How HR Makes Employment Profitable
HR covers a lot of territory—much of it cluttered with paperwork—but it really does have a precise business purpose. The point of HR is to make employment more profitable. HR does this in three fundamental ways. First, HR protects the organization against employment-related lawsuits and fines. Second, it reduces the costs of employment. And third, it maximizes employee productivity. In short, how HR makes employment profitable for the employer is by saving money and maximizing revenue in all things related to employment.
Protection from Lawsuits and Fines
Nothing can prevent an employer from being sued, but good HR can substantially reduce the risk of lawsuits and other costly consequences of non-compliance by ensuring that the organization follows federal, state, and municipal legal requirements.
The government has multiple agencies tasked with investigating violations and administering fines. The Equal Employment Opportunity Commission investigates discrimination claims. The Occupational Safety and Health Administration looks into workplace hazards and safety violations. The IRS and Department of Labor may ask to see your books. And the U.S. Citizenship and Immigration Services might audit your I-9s.
The penalties for violations can range from amounts that are mildly inconvenient to those that are financially devastating, so you don’t want to leave these areas to chance or hope you stay under the radar. Employing people comes with risk, and it’s an HR job to manage and reduce that risk.
"Ignoring HR or neglecting its responsibilities puts the organization at greater risk, wastes money on subpar and inefficient operations, and hinders employers and employees from reaching their full potential."
Reduction of Employment Costs
Competitive wages and benefits, office perks, and first-rate technology can help you find and keep great workers, and they can help you improve your products, boost your sales, and grow the business. But there are also employment costs HR can help cut. Hiring and recruitment processes can be streamlined and assessed for inefficiencies. Turnover costs can be reduced by improving your onboarding process, communications, and engagement efforts. Inefficiencies can be resolved through performance management and discipline. And offering some form of Paid Time Off can enable sick employees to stay home and rest so they don’t come to work sick, spread their germs, and reduce the productivity of the office even more than if they’d stayed home.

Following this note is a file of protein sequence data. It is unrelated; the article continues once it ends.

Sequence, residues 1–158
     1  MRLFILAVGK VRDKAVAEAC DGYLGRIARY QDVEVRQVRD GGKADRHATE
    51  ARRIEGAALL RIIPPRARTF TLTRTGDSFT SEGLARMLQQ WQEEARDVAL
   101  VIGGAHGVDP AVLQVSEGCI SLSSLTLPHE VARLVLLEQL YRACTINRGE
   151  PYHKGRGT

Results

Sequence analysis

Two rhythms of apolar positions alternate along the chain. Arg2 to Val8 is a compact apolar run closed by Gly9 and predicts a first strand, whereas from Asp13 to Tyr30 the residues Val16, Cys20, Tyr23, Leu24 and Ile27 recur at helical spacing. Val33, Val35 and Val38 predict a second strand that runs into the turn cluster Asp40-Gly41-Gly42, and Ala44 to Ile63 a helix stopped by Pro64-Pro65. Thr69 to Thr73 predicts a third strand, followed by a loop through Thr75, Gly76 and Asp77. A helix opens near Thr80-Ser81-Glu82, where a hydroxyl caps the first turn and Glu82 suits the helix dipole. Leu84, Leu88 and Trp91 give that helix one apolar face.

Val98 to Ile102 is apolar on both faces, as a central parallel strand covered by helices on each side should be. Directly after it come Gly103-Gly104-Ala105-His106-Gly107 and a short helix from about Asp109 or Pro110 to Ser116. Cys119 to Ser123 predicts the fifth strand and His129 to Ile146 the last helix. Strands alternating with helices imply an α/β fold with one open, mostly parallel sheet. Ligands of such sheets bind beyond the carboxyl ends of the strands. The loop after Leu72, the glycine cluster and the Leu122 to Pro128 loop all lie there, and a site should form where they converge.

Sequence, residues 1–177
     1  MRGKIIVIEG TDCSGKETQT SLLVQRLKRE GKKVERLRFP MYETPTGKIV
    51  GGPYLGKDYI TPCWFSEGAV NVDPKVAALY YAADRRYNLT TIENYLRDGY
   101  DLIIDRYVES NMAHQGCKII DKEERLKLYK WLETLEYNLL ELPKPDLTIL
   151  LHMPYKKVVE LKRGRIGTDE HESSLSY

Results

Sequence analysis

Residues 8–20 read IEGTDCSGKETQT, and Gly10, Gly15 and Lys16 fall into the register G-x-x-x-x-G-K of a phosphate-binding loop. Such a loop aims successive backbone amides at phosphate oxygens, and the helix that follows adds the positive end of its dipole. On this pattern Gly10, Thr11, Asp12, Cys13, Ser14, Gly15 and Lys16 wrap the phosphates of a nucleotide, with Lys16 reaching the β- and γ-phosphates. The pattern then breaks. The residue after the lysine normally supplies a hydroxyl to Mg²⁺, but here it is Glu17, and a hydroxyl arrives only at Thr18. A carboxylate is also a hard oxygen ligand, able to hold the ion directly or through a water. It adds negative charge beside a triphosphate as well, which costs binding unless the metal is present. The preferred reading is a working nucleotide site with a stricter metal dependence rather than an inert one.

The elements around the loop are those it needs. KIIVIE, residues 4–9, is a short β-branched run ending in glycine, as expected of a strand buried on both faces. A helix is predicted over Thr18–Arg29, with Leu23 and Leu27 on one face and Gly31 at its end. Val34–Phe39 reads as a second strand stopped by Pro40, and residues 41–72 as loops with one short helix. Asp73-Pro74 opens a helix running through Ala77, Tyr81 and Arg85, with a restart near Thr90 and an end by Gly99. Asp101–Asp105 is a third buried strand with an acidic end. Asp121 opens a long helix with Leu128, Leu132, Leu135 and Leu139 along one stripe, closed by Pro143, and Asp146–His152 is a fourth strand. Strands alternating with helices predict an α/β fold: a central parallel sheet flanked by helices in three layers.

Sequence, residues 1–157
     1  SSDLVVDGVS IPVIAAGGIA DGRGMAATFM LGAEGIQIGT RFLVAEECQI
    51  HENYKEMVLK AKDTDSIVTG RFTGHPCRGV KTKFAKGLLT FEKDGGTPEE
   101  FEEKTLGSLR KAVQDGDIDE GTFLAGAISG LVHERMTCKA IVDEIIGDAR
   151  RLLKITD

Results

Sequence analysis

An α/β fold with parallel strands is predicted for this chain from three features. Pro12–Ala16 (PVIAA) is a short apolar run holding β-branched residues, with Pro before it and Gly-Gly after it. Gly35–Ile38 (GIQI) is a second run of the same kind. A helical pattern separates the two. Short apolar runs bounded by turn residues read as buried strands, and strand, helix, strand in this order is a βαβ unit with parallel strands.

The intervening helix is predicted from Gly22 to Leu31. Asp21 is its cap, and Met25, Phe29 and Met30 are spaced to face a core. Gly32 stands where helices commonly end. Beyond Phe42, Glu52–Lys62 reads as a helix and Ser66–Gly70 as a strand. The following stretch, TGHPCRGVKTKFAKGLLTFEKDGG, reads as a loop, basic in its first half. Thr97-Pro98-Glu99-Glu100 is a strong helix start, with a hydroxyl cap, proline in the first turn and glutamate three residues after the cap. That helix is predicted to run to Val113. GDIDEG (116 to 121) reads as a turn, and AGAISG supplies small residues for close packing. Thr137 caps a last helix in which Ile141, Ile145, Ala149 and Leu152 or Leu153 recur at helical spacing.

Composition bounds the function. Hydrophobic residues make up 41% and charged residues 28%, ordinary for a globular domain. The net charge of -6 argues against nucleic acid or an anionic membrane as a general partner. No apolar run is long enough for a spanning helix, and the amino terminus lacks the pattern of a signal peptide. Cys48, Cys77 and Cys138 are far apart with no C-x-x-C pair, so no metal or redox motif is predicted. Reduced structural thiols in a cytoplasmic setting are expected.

Increased Employee Productivity
In addition to preventing and reducing costs related to employment, HR can also help the organization increase its revenue by encouraging and helping employees to be more collaborative, innovative, creative, knowledgeable, skilled, and just plain better at their jobs. Coaching, training, skill development, career advancement, outside education, and culture advancements are tried-and-true productivity-building methods. They also have the added perk of directly benefiting your employees.
When HR works on maximizing productivity, it’s able to serve the interests of both the employer and employees in ways that are visible and appreciated by all parties. Employers bring in more revenue, employees develop professionally, and customers get better service. Everybody’s happy.
Good for Business
The business case is the case for HR. Ignoring HR or neglecting its responsibilities puts the organization at greater risk, wastes money on subpar and inefficient operations, and hinders employers and employees from reaching their full potential. Investing in HR reduces risk, eliminates inefficiencies, and improves productivity. Whether you’re a business owner, office manager, HR department of one, or on a team of HR practitioners, spending time on HR bolsters everyone’s success.